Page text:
I wrote my open letter to Governor Dennis Daugaard yesterday suspecting that the Governor wouldn’t just advocate the Blue Ribbon K-12 panel’s plan to raise teacher pay. I thought he’d hold teacher pay raises hostage to force us to revisit 2012’s teacher-hating House Bill 1234. I thought his initial noncommittal response to the Blue Ribbon plan meant he would spend the two months between report release and 2016 Session to come up with conservative-hobbyhorse ideas to stamp his own image on the plan and put the screws to teachers.
But Governor Daugaard didn’t go down any such counterproductive political path. In his State of the State speech in the Capitol today, he did not offer any wild new plan of his own. He did not mention merit pay, continuing contract, vouchers, charter schools, or any other conservative hobbyhorses. He didn’t even water down the already minimal Blue Ribbon plan. He pretty much just said, Do what the Blue Ribbon plan says, and do it now.
Governor Daugaard’s basic plan is to increase South Dakota’s average teacher pay from $40,023 to $48,500 (the Blue Ribboneers recommended at least $48,000). Multiplied by over 9,300 teachers, that new average requires over $79 million in new revenue. Governor Daugaard proposes raising the state sales tax from 4% to 4.5%, which he indicated would raise about $120 million. Governor Daugaard would dedicate $79 million to raising teacher pay, then put the rest toward cutting property taxes.
Here are the most important things Governor Daugaard said about teacher pay in his speech in the Capitol today to justify the Blue Ribbon plan:
- The teacher shortage is real, supported by anecdote and data.
- Salaries aren’t the only reason we are short on teachers, but we can’t fix the shortage unless we raise salaries.
- Even when we adjust for cost of living, South Dakota still falls behind surrounding states in teacher pay.
- “The only way to become more competitive is to increase our state’s average teacher salary.”
- “This is the year to get out of last place. This is the year to act.”
Points 1, 2, 3, and 4 help limit the debate in the coming two months. We are done arguing about whether we are short on teachers. We are done arguing about other non-salary factors that drain the teaching pool. We are disposing of the fantasy that our mythical cost of living advantage makes up for our low teacher pay. We are done pretending that we can recruit teachers with no-cost/low-cost gimmicks. In these four points, Governor Daugaard is embracing the logic not just of this blog (it’s about darn time!) but of the free market: if you want more workers, you have to offer more pay. (My goodness: imagine the revolution that may be afoot in the Governor’s thinking on workforce issues in general!)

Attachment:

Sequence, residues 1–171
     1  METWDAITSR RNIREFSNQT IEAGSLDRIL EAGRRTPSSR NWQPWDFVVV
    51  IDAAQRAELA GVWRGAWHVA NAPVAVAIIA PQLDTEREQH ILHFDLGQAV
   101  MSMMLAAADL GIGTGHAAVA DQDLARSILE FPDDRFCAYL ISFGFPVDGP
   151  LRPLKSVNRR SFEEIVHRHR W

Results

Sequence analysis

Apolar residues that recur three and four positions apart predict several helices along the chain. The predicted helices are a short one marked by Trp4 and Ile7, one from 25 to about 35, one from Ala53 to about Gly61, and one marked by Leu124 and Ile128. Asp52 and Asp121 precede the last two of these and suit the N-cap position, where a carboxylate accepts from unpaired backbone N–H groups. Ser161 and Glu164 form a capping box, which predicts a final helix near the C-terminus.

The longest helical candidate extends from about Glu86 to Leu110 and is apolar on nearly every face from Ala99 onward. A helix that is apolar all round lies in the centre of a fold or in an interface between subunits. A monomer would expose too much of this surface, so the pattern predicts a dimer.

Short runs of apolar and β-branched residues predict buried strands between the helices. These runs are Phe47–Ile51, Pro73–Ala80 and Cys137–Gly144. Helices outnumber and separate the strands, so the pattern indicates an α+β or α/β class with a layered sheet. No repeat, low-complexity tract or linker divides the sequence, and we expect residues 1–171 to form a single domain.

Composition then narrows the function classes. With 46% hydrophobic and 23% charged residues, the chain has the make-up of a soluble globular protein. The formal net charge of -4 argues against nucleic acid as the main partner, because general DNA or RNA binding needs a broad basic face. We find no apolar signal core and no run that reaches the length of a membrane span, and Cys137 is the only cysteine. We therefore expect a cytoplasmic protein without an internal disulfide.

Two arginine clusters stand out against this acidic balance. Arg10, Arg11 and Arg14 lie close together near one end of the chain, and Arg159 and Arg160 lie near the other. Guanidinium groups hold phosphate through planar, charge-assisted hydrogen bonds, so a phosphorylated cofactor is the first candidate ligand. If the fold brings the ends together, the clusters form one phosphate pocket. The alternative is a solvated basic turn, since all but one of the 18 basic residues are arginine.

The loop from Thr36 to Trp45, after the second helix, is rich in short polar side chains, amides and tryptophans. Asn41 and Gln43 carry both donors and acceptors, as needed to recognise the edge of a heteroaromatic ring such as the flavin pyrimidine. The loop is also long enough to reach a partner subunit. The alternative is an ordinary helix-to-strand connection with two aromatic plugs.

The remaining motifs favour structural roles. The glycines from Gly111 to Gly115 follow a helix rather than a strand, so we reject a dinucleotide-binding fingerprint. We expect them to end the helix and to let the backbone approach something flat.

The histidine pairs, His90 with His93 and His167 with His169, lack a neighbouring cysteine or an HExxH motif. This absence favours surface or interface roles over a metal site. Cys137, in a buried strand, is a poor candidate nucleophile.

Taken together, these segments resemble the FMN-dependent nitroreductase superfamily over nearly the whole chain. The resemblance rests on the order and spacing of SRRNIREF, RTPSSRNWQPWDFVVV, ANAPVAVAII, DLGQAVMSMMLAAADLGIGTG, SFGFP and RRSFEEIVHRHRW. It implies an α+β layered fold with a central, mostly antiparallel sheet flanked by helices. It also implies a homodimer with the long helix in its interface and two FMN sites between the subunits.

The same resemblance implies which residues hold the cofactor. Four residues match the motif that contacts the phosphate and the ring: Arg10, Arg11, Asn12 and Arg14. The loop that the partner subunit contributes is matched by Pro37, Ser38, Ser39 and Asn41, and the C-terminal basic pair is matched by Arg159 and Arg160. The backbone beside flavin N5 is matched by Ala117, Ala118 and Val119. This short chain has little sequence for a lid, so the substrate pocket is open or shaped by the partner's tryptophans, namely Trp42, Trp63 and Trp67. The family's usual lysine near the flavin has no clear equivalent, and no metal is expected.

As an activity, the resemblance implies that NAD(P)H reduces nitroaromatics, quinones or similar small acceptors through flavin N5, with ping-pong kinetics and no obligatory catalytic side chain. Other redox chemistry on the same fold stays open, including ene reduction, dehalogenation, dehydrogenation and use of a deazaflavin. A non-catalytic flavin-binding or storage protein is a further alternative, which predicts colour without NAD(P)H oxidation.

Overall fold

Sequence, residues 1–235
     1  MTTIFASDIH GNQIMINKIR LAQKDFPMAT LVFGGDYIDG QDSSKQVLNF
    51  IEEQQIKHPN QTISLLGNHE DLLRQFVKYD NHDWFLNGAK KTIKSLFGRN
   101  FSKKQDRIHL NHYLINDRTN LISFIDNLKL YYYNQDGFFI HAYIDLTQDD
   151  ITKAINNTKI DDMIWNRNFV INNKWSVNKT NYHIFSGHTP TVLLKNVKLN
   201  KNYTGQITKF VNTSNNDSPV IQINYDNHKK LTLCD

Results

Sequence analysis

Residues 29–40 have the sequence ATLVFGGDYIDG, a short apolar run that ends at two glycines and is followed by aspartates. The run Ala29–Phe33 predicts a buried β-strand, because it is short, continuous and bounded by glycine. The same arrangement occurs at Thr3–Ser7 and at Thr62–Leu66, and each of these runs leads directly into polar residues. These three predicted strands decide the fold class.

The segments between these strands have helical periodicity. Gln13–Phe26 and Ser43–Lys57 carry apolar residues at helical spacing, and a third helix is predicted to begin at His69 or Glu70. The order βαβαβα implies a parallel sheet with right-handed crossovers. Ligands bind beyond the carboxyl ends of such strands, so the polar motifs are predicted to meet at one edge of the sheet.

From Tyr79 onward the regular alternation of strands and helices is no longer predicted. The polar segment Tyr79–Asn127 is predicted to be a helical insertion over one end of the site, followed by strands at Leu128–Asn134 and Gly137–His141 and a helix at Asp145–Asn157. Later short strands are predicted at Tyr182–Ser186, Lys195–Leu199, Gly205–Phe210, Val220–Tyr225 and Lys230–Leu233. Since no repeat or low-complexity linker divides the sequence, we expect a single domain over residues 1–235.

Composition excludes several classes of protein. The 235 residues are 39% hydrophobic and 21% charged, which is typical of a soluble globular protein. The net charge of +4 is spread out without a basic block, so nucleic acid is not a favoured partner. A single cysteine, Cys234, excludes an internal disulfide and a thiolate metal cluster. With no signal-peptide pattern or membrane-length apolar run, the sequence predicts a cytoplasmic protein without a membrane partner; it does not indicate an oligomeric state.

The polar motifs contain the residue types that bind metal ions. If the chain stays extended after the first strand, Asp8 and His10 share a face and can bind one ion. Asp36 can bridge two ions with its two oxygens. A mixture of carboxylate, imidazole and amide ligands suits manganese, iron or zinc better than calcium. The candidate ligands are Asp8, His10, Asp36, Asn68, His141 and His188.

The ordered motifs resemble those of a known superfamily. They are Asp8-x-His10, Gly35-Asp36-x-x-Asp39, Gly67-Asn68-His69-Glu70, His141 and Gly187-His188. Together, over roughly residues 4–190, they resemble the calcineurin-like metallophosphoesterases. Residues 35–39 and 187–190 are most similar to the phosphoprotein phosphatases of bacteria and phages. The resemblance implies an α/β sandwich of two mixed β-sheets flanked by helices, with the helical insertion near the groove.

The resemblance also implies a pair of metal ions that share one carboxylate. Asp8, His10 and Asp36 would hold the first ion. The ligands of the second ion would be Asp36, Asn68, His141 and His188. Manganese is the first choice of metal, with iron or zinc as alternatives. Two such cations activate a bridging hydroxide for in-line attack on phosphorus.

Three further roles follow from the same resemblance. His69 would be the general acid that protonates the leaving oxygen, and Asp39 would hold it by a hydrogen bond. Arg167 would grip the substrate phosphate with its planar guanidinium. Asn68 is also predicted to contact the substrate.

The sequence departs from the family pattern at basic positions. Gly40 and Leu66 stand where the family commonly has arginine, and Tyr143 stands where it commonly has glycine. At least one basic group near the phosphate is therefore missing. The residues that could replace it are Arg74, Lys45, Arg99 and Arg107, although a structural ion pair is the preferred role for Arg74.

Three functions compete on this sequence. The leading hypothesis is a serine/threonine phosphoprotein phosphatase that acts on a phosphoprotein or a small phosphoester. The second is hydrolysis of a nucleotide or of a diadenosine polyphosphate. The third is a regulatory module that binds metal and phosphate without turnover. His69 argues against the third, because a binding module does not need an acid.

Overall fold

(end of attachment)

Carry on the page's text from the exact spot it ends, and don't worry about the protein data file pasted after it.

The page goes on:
Point 5 also helpfully limits the debate—to this session, this winter, this Legislature. The Governor isn’t waiting for our neighboring states to pull even further ahead of us. He’s not asking for a gentle phase-in. He’s saying the problem is urgent enough that we must act now. And yes, the Legislature can implement this tax increase in time to allow schools to start writing bigger checks this August.
SDEA President Mary McCorkle was gushing about the Governor’s “bold” plan. I can’t gush. It bothers me that “bold” in South Dakota still means increasing a regressive tax and still leaving South Dakota teachers earning less than their neighbors in any neighboring state.
Governor Daugaard’s plan does lift us from 51st to 37th in the nation and puts us within $200 of 36th-place North Dakota. He offers teachers that raise without all the awful things I thought he might try to impose. This plan doesn’t strive to make us the best; it just tries to drag us out of the gutter… and Governor Daugaard is the first South Dakota governor in decades to offer a serious plan to get us out of the gutter. That’s bold… for a South Dakota Republican… I guess.
Democratic legislators say Governor Daugaard’s plan is flawed; they offer their own bolder plan to raise pay and benefits without cutting teachers. We’ll talk about that sticking point (ah, the new funding formulas, based on target teacher-student ratio) and the Democratic alternative in an upcoming post.